Picture Credit: Fliker
Greenhouse gases and global warming are a growing international problem without too many real world solutions. By recycling paper and using energy efficient electronics, people on the ground can only do so much. The industries that release huge amounts of greenhouse gases like carbon dioxide into the atmosphere, however, present a good focal point for massive change. One of the biggest culprits of the global warming is elevated carbon dioxide in the atmosphere—a major byproduct of power plants and chemical plants that run on fossil fuels, particularly coal.
There is an urgent need to shift towards “greener” sources of energy. But, most environmentally friendly energy sources are, right now, expensive compared with traditional sources like coal and petroleum. One stopgap technology, to help buy time in order to make these new and emerging technologies viable, is carbon capture and sequestration (CCS). To prevent carbon dioxide from escaping into the atmosphere, it can be isolated, trapped and sequestered underground such as in depleted petroleum reservoirs or aquifers.
IITB-Monash Research Academy scholar Ishan Sharma is working on a way to optimize CCS as well as reduce the amount of fossil fuel used to power ammonia plants. “I’m working on this transition technology that will allow us to continue using traditional—but polluting—sources of energy/hydrogen, in an efficient and clean manner,” said Sharma.
Picture Credit: Stockarch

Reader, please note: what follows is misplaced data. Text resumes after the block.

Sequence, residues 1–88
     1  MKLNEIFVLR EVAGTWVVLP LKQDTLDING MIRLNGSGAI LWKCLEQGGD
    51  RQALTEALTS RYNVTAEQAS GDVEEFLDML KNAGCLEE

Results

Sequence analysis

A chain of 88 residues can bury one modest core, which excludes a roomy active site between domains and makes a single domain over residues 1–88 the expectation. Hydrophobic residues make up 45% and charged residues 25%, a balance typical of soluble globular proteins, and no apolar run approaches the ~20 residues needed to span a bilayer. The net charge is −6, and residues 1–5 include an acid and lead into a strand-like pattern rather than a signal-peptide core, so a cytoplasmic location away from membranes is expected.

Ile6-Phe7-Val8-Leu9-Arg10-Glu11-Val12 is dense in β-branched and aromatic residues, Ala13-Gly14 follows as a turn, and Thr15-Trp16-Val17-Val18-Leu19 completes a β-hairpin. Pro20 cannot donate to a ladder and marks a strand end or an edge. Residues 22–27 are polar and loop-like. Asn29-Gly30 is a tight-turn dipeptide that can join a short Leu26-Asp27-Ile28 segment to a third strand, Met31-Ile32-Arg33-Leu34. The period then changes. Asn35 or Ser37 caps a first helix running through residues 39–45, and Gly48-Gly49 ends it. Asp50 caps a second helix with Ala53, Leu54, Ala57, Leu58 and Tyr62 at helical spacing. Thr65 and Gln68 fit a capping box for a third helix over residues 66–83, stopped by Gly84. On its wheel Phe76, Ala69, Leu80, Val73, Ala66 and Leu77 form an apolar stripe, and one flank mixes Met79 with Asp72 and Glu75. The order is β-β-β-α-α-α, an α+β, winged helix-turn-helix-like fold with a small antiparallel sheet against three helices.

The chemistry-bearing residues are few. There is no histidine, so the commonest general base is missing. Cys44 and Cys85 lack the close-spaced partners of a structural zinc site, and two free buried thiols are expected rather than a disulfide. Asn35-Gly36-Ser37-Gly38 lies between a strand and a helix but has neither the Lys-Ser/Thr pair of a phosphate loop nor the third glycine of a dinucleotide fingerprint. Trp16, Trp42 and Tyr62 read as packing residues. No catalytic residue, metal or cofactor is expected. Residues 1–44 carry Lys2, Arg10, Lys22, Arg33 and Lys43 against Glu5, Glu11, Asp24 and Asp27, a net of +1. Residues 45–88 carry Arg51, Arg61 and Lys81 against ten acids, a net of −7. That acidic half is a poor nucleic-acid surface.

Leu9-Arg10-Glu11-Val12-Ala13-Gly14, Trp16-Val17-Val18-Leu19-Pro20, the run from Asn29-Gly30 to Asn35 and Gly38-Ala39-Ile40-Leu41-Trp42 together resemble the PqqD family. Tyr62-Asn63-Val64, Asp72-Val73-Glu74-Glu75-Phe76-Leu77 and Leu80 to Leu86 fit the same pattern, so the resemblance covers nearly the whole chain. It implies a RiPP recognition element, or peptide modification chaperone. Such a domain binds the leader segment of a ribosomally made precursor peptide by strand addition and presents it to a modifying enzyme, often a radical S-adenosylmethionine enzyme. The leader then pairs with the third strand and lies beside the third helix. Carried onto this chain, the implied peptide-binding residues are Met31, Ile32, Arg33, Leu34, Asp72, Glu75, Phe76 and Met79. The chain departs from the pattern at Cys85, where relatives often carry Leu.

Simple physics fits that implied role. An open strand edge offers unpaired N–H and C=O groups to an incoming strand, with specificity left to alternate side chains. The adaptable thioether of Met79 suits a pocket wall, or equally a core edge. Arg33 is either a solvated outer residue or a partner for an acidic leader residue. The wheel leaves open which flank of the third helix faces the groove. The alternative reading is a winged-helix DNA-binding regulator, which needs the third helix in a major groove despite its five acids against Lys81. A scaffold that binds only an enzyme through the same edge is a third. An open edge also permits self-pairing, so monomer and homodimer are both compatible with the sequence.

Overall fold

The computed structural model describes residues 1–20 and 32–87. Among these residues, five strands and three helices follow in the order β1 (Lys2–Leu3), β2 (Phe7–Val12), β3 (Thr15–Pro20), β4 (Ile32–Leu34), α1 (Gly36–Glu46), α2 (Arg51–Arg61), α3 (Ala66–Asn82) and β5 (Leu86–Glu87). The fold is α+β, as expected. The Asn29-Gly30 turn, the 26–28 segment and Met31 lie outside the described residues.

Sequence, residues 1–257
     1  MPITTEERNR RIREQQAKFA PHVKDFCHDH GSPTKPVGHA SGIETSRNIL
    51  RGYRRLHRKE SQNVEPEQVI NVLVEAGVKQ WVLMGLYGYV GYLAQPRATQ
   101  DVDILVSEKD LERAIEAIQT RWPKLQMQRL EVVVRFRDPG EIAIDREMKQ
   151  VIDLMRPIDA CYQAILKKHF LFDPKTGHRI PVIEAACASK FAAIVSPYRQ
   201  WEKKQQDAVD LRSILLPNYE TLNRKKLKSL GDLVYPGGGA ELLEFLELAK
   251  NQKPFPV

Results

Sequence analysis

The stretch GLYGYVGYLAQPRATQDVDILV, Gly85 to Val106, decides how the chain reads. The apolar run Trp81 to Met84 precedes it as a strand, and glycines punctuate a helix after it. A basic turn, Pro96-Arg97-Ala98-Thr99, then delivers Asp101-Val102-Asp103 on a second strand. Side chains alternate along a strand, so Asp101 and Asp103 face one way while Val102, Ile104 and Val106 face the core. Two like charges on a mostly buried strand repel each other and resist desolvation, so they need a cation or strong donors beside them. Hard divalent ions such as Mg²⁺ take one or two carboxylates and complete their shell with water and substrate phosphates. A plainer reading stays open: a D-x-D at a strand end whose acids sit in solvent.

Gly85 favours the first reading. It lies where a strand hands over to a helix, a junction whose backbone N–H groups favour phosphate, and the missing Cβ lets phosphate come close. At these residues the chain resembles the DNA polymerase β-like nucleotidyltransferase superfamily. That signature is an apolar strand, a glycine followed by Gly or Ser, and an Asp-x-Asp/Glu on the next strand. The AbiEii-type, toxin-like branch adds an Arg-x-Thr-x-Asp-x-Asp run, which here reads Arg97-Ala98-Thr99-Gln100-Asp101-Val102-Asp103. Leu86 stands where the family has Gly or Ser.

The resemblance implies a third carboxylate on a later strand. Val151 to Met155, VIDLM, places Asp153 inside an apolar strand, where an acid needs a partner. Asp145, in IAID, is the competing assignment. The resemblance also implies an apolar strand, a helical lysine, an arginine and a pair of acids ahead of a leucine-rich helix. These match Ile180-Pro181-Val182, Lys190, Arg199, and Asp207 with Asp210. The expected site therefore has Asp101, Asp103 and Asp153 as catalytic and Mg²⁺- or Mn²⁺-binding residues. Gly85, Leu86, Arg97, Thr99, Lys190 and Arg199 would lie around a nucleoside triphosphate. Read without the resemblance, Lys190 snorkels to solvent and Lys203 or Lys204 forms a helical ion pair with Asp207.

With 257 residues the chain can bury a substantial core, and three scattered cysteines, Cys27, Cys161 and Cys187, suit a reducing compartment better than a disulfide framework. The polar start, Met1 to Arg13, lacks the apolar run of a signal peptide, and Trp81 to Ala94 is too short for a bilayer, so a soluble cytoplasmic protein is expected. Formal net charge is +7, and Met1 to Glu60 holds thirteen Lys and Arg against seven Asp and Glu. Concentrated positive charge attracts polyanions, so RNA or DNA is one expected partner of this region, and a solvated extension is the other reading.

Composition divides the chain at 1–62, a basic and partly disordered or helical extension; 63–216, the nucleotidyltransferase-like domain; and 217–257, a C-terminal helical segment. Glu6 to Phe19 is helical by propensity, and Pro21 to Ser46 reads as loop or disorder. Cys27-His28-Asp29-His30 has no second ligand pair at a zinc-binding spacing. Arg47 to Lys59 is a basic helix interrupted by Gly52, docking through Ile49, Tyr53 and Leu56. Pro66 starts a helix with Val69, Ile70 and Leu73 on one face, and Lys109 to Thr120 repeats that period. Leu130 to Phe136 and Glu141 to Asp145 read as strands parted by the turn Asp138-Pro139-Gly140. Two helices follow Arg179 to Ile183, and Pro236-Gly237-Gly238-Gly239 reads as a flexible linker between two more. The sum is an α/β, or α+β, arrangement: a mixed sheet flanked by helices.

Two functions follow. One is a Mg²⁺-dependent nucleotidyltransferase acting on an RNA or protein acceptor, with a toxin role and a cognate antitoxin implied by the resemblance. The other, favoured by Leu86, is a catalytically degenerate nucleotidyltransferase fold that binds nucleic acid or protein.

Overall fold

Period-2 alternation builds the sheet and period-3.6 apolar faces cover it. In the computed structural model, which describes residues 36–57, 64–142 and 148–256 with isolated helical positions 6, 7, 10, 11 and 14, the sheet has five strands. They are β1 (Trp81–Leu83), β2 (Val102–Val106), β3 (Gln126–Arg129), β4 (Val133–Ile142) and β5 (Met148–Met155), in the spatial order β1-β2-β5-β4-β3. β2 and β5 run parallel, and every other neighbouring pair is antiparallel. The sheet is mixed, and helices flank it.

India was the world’s third highest producer of carbon dioxide in 2012, according to EDGAR, the database of the European Commission and Netherlands Environmental Assessment Agency.
As a largely agrarian economy, India is also the world’s second largest producer of ammonia, which is used mostly in fertilizers. In addition to fertilizers, a significant amount of ammonia is also used to manufacture industrial explosives and Sharma’s project is sponsored by Orica Mining Services, who are interested in the development of industrial explosives with as low a carbon footprint as possible
Ishan Sharma’s work has a dual goal: First is to reduce the amount of coal a plant needs to produce ammonia to make the process a little cleaner. The second is to capture the carbon dioxide produced in the process, which will allow it to be isolated from the atmosphere and then sequestered efficiently.
Implementing CCS into existing production plants would also require optimizing its performance to produce the product in an efficient manner.
“I’m looking at different mechanisms to capture carbon dioxide, optimize their performance, and compare them in terms of their technical and economic feasibility,” Sharma said. The different capture mechanisms include solvent absorption (both physical and chemical) and physical adsorption.
Picture Credit: Ishan Sharma
Sharma’s directive is to look at the trade-offs involved between the amount of carbon dioxide captured and the energy required to capture it.
“I want to contribute something towards the betterment of our society by means of knowledge that I have acquired until now,” said Sharma. He believes in another year he will be able to present an optimized flowsheet, along with corresponding operating parameters, for conversion of coal into ammonia with carbon capture and sequestration.
IITB-Monash Research Academy is a Joint Venture between IIT Bombay and Monash University. Research scholars study for a dually-badged PhD from both institutions, and enrich their research and build collaborative relationships by spending time in Australia and India over the course of their degree. Established in 2008, IITB-Monash Research Academy aims to enhance scientific collaborations between Australia and India.
This work supported by Orica Limited.
Research scholar: Ishan Sharma, IITB-Monash Research Academy
Project title: Techno Economic Evaluation of Coal Gasification with Carbon Capture for Production of Ammonia
Supervisors: Professor Sanjay M. Mahajani, Professor Anuradda Ganesh and Professor Andrew Hoadley
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